After about five minutes of waiting in the checkout line at Urban Outfitters on Black Friday to buy sunglasses and belts, Lisa Barnard, 51, and daughter Amelia, 18, decided it would be easier to order online.

So they relocated to the bench outside the store's entrance at the King of Prussia Mall, where Amelia could browse the Urban Outfitters website on her smartphone.

"It's kind of easier to shop in the store," said Amelia, of Bethesda, Md., "but if you see things you like, you can find them online."

The Barnards' instinct to check online instead of waiting in line shows how the distinction between a retailer's online and in-store presence is starting to blur, James Cook, JLL's director of retail research, said ahead of the shopping weekend.

"It's really more about the brand than a specific physical location or a specific website," Cook said.

This theme was clear over Thanksgiving weekend. After five days of record spending, the National Retail Federation and Prosper Insights & Analytics found that more than 89 million people shopped both online and in stores, an almost 40 percent increase from last year. These shoppers were more likely to spend more, by an average of $93, than shoppers making purchases only one way.

"For several years, we've been talking about the dynamic nature of the retail industry and the speed of change necessary to meet the consumer demand," NRF president and CEO Matthew Shay said in a statement. "This year's research clearly shows that the investments made by retailers are paying off in a big way."

Shoppers this holiday season can expect retailers to have more options for buying online and picking up in a store, according to a CBRE report that called this year's holiday season "the longest in six years." There's also a greater push for customers to join loyalty programs for exclusive deals, and for e-commerce brands to open pop-up holiday stores.

Cyber Monday broke records this week as the largest online shopping day in U.S. history, reaching $7.9 billion, up 19.3 percent from last year's $6.6 billion, according to Adobe Analytics data. Smartphones powered $2.2 billion of those Cyber Monday sales, a 55.6 percent growth.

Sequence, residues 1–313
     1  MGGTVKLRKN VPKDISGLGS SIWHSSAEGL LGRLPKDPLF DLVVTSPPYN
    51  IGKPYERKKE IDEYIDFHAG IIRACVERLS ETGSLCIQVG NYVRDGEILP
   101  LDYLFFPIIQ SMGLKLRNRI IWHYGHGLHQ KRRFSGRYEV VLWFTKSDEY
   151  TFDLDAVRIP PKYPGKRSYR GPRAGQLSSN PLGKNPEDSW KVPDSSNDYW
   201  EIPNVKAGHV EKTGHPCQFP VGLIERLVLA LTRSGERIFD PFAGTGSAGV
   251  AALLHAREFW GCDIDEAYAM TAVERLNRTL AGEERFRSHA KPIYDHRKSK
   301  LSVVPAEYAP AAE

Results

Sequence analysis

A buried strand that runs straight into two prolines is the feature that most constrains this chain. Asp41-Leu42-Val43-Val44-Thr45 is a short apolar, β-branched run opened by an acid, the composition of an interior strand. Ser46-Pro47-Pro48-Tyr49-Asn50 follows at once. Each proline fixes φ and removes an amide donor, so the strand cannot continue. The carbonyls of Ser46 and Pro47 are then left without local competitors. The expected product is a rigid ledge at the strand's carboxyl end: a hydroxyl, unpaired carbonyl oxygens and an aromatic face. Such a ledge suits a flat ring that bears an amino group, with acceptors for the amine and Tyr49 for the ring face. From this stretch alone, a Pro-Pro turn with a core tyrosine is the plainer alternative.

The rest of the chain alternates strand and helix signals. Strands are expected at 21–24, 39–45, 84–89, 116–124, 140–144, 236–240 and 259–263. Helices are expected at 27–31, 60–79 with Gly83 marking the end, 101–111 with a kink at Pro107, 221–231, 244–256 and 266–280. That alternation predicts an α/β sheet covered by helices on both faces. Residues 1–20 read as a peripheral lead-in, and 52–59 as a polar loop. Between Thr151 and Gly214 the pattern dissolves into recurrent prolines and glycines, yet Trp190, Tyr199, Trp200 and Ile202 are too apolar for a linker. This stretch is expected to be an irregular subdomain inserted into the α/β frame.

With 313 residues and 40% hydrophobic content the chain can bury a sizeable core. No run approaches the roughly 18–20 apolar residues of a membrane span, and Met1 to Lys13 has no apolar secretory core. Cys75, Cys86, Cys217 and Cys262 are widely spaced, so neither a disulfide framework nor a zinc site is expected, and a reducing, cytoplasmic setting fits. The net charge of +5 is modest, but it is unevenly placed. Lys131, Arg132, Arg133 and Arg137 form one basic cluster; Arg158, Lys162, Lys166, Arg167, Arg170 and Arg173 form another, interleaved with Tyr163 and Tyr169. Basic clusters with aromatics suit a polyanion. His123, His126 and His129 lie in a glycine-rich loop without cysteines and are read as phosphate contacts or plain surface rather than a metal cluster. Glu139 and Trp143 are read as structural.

"Despite some of the best deals coming earlier in the holiday season, the Cyber Monday brand has great staying power," Taylor Schreiner, director of Adobe Digital Insights, said in a statement.

Black Friday spending also soared, reaching $6.22 billion, up 23.6 percent from 2017, according to Adobe. Thanksgiving Day spending was $3.7 billion, a 28 percent increase from last year, and spending over the weekend after Black Friday totaled $6.4 billion, another record for shopping on those days, according to Adobe.  

Parking at the King of Prussia Mall on Black Friday was at capacity by 11:30 a.m., said Kathy Smith, the mall's director of marketing and business development. Traffic was up compared with last year, Smith said, though she was unable to provide specifics.

The Cherry Hill Mall parking lots were about 95 percent full by 1:30 p.m., and the lots at the Willow Grove Park Mall were about 95 percent full by around noon to 1 p.m., said Heather Crowell, a spokesperson for Pennsylvania Real Estate Investment Trust (PREIT), which owns these malls and many others in the region.

At the Plymouth Meeting Mall, traffic entering by the Legoland Discovery Center was up 14 percent compared with last year, according to Crowell. There was also a 3 percent rise in overall traffic at the Moorestown Mall on Black Friday.

"Black Friday kicked the holiday shopping season into high gear, driven by positive consumer sentiment and great deals from retailers," Tom McGee, president and CEO of the International Council of Shopping Centers, said in a news release. "This holiday season is going to be strong."